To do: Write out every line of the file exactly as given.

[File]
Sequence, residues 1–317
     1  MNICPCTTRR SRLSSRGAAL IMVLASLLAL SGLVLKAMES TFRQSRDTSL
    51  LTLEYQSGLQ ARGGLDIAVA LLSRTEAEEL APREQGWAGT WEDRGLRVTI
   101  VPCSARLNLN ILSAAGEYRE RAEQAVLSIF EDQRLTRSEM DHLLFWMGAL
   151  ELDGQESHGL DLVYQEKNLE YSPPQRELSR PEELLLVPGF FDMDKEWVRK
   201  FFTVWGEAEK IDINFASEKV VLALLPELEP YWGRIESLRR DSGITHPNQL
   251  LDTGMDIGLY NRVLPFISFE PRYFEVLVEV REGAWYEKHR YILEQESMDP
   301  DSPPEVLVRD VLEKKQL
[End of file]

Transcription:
Sequence, residues 1–317
     1  MNICPCTTRR SRLSSRGAAL IMVLASLLAL SGLVLKAMES TFRQSRDTSL
    51  LTLEYQSGLQ ARGGLDIAVA LLSRTEAEEL APREQGWAGT WEDRGLRVTI
   101  VPCSARLNLN ILSAAGEYRE RAEQAVLSIF EDQRLTRSEM DHLLFWMGAL
   151  ELDGQESHGL DLVYQEKNLE YSPPQRELSR PEELLLVPGF FDMDKEWVRK
   201  FFTVWGEAEK IDINFASEKV VLALLPELEP YWGRIESLRR DSGITHPNQL
   251  LDTGMDIGLY NRVLPFISFE PRYFEVLVEV REGAWYEKHR YILEQESMDP
   301  DSPPEVLVRD VLEKKQL